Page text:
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          • I know you are not someone who tries to remain in a bubble. Part of the reason why I like your writing is that it’s clear you show understanding of other points of view and smartly challenge those points of view for their validity. Mostly I found his points of view challenging my ability to remain conscious. Lol That being said I do find his thesis that these “histories” have a point of view that speak to the common people. I find the bible and religion fascinating from an academic point of view so I appreciate serious scholarship about it always (perhaps with a more concise and enthusiastic speaker lol).

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          • Swarn wrote: ” I find the bible and religion fascinating from an academic point of view.”

            I find it fascinating from a neuroscience POV. As you know, the brain was the last organ to be studied, and the brain is, yet again, not the main focus of explaining belief, yet it should be if we are going to understand how and why it has taken hold of our species. People tend to be skittish about discussing this because no one wants to think that there were abnormalities going on in their brain during belief, but there were. That’s why authoritarian religion is so dysfunctional because it’s founders and leaders were dysfunctional.

            Quote:

            “There is much evidence in history that the more profound religious insights occur alongside mental dysfunction. The psychologist William James, in his survey of religious experience, comments that there are a massive proportion of prominent religious people in history that have shown signs of now-recognized long-term neurological complaints. James:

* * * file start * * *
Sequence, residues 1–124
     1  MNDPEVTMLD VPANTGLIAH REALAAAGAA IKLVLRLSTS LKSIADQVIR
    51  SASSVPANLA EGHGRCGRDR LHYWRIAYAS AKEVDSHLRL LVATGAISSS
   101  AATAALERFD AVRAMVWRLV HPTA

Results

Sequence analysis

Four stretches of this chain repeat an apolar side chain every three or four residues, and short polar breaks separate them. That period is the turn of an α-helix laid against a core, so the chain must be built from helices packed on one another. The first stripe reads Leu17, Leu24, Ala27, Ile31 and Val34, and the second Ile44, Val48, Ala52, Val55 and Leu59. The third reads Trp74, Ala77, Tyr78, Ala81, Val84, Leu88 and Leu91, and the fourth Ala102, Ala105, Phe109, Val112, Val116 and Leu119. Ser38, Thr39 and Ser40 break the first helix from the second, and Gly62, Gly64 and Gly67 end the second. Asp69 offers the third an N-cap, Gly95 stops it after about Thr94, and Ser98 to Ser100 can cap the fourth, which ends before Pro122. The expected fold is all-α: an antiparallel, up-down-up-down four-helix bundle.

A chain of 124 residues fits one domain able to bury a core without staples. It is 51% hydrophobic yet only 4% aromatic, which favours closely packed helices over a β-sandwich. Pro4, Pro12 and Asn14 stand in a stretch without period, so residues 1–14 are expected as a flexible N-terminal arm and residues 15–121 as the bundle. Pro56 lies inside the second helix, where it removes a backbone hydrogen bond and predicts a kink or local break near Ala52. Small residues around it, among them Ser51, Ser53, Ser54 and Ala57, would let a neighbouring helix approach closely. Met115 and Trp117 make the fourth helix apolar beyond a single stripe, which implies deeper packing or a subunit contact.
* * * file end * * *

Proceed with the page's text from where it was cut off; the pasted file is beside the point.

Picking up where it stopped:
“Religious geniuses have often shown symptoms of nervous instability. Even more perhaps than other kinds of genius, religious leaders have been subject to abnormal psychical visitations. […] They have led a discordant inner life, and had melancholy during a part of their career. They have […] been liable to obsessions and fixed ideas; and frequently they have fallen into trances, heard voices, seen visions, and presented all sorts of peculiarities which are ordinarily classed as pathological. Often […] these pathological features in their career have helped to give them their religious authority and influence.

            “The average believer does not suffer from such severe cataclysms, however, and merely believes in the irrational results of others’ experiences that have become codified as part of a religion. In normal believers, it may be a long-term background dysfunction of the prefrontal cortex that leads to illogical beliefs:” http://www.humanreligions.info/causes.html

            ————————————————

            You know, I can laugh about this now because here I thought that there was something terribly wrong with me that I wasn’t having these same kinds of “spiritual” experiences. How many Christians thought there was something wrong with them — that they weren’t “spiritual”, “holy” enough, submissive enough, so they kept “dying” to themselves hoping to become just like the ones who had neurological dysfunctions. It is for this reason that I consider myself very fortunate that I broke away because the longer you stay in an environment like this the greater likelihood you will experience hippocampul atrophy, increased gray matter volume in the right amygdala, deactivated circuity in the prefrontal cortex, plus misfiring — abnormal electrical activity in the limbic system.

            Quote: